Story URL: http://news.medill.northwestern.edu/chicago/news.aspx?id=177302
Story Retrieval Date: 5/22/2013 9:03:44 PM CST
Motorola Mobility Holdings Inc., in its first report since Motorola Inc. split into two companies, swung to profit in the fourth quarter, due largely to high-end mobile phone sales. But the cell phone maker fell short of Wall Street expectations. The stock dropped more than 12 percent.
The Libertyville-based consumer electronics company reported earnings attributable to common shareholders of $80 million, or 27 cents per share, in the quarter ended Dec. 31, compared with a loss of $204 million or 69 cents per share, in the year-ago period. Analysts polled by Yahoo Finance were expecting earnings per share of 36 cents.
Motorola Mobility took in $3.43 billion in revenue in the fourth quarter, up 21 percent from $2.82 billion in the year-earlier period.
Motorola Inc. split into two companies Jan. 4. The mobile phone and home equipment sectors became Motorola Mobility. The commercial segments, covering government and business contracts, became Motorola Solutions Inc. The earnings reported for the two companies are adjusted to reflect the separation of the business. (see sidebar)
Much of Motorola Mobility’s recent revenue growth came from the gains in the smartphone market. The company shipped 4.9 million smartphones compared with 2 million in the fourth quarter of 2009. Motorola Mobility divides its smartphones into three tiers. Its high-end smartphones run on Google Inc.’s Android operating system, the primary competitor to Apple Inc.’s iPhone. Sales of mid-range and low-end smartphones were slightly lower than expected, due largely to the popularity of Android phones in the United States.
Despite growing shipment volume, Motorola Mobility is projecting a loss of between $26 million and $62 million, or between 9 cents and 21 cents per share, in the first quarter of 2011. That compares with a consensus estimate of 18 cents per share from analysts surveyed by Bloomberg LP. In a conference call with analysts, CEO Sanjay Jha explained that flat demand in the home segment and the upcoming launch of the iPhone at Verizon Wireless contributed to the reduced expectations.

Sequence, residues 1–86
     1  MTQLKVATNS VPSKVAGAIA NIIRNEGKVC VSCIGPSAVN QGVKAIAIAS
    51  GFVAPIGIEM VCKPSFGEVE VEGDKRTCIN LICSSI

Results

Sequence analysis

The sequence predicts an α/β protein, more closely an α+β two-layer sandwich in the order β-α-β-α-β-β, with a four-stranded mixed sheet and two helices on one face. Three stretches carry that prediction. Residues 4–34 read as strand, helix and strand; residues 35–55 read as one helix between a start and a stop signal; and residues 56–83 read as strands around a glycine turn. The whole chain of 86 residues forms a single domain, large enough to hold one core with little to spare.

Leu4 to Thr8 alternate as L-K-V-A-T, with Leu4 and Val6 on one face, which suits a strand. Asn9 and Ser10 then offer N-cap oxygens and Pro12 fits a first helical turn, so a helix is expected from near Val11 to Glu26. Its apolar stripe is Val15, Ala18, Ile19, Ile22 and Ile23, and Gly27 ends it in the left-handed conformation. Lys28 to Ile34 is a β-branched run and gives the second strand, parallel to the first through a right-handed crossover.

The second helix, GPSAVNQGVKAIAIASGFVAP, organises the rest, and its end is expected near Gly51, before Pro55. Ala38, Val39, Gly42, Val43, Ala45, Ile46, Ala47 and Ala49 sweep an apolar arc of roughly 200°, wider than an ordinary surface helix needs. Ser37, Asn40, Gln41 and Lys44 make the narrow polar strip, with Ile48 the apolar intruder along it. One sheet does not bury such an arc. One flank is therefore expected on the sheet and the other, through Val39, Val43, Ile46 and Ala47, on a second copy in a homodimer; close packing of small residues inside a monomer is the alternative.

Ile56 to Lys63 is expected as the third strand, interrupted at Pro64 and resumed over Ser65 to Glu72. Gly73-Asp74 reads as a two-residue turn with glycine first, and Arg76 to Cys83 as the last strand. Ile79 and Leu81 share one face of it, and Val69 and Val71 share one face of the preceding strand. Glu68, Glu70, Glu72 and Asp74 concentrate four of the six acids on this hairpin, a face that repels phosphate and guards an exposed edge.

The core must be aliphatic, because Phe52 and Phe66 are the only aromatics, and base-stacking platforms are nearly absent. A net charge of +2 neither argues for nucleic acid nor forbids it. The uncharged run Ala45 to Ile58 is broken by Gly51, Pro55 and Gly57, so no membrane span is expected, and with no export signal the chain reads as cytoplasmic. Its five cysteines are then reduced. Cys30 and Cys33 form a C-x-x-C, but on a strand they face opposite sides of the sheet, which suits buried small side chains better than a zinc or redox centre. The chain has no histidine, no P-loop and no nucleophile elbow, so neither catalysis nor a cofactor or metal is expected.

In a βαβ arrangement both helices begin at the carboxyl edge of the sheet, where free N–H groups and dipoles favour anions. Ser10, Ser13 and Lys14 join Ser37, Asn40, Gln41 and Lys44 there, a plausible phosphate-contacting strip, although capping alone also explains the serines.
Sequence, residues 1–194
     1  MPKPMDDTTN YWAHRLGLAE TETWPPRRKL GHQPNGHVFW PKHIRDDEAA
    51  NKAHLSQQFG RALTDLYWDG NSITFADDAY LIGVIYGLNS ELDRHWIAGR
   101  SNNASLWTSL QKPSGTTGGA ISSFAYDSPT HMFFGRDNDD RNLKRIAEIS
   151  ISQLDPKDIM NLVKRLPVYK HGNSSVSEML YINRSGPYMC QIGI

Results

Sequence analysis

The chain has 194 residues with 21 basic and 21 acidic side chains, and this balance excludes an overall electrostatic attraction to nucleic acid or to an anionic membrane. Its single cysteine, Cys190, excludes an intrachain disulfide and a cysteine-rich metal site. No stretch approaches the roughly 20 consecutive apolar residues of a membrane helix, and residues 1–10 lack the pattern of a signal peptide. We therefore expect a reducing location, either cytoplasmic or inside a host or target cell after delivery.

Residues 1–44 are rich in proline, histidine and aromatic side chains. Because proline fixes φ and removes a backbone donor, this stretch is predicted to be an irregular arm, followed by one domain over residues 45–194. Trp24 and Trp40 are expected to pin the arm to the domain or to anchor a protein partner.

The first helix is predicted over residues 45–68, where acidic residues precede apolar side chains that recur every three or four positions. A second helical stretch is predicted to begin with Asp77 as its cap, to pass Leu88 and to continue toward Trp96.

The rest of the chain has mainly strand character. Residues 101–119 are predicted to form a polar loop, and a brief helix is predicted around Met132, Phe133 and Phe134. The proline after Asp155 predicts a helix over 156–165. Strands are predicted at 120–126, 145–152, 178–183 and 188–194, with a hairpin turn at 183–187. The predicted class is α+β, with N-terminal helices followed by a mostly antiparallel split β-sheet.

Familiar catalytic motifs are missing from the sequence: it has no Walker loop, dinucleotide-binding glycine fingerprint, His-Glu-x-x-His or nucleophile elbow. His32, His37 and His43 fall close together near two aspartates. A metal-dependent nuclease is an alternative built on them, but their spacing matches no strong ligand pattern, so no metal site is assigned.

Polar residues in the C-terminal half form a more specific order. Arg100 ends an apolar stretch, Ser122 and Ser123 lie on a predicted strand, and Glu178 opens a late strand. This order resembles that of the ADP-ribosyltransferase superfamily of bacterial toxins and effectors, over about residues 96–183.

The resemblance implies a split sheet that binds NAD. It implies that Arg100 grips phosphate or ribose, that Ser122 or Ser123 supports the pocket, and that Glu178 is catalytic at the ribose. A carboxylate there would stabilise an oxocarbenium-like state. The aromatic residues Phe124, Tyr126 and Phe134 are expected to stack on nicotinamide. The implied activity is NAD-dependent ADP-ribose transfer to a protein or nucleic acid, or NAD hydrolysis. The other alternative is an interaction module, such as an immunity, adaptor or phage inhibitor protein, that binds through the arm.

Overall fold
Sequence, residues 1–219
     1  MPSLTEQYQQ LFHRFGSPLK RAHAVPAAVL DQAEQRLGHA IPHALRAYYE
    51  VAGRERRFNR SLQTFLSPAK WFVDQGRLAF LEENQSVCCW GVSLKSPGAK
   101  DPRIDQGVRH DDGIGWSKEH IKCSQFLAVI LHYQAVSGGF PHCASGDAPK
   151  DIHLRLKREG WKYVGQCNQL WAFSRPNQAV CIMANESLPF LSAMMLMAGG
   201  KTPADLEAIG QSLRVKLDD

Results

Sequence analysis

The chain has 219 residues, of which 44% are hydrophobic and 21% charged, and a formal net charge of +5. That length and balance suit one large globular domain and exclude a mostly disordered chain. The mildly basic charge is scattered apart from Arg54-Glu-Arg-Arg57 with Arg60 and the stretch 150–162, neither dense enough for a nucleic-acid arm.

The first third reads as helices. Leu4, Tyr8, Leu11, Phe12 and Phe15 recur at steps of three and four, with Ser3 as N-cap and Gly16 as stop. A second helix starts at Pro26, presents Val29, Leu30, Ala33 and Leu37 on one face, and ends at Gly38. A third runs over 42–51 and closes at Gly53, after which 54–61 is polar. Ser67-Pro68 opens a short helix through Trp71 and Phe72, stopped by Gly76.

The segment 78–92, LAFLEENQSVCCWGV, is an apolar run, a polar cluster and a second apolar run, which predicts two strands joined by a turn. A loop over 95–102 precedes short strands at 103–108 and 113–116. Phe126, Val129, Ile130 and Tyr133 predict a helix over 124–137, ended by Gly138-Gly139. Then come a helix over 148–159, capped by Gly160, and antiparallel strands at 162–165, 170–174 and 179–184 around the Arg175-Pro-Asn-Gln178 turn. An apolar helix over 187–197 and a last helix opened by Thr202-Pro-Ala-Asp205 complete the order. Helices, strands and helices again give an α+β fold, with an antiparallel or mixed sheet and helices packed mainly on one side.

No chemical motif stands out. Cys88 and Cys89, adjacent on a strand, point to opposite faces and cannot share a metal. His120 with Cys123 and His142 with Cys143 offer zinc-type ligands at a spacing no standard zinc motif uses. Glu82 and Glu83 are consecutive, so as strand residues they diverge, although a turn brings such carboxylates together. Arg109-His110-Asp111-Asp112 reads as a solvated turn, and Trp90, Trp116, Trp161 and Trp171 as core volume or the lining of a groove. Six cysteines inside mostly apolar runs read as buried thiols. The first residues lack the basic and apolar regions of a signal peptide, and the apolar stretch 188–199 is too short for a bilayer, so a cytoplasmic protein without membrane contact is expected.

Douglas Reid, an analyst with Stifel, Nicolaus and Company Inc., is maintaining his “buy” recommendation, despite the impending release of the Verizon iPhone. “I think the company is well positioned to participate in growth in the Android smartphone market,” Reid said. He said that Motorola Mobility will more than make up for any loss due to iPhone competition with planned growth in China, Latin America and Europe.
Jha said that since the Verizon iPhone launch was announced, “We have seen a little slowdown in our sell-through of our devices. But, he countered, Verizon Wireless remains committed to offering choice to customers. Verizon also helped launch the Droid, Motorola’s Android-based phone series.
Also in the first quarter, Motorola Mobility will launch its first tablet PC. The Xoom, which debuted to critical acclaim at this year’s Consumer Electronics Show, will run the newest version of the Android software. The 3G version will ship to Verizon Wireless stores in late February, with a Wi-Fi-only tablet available in the second quarter.
“The long term opportunity to bring together connected home and mobile technologies is unique to Motorola Mobility,” said Reid. Because Motorola Mobility also sells set-top boxes for TVs, it is the only leading mobile device company that can connect consumers’ cell phones to their home electronics.
In addition, Reid places high value on having the first Android 3.0 device in its Xoom tablet.
The company plans to ship more than 20 million smartphones and tablets in 2011, and is expecting a slight rise in revenue in its mobile devices segment. The depressed housing market will continue to adversely affect demand for its home segment products, said Motorola Mobility President Dan Moloney in the conference call.
For the full year, Motorola Mobility posted a loss of $86 million, or 29 cents per share, a dramatic improvement from a loss of $1.34 billion, or $4.56 per share, in 2009.
Motorola stock closed at $30.51, down $4.32 a share, or 12.4 percent.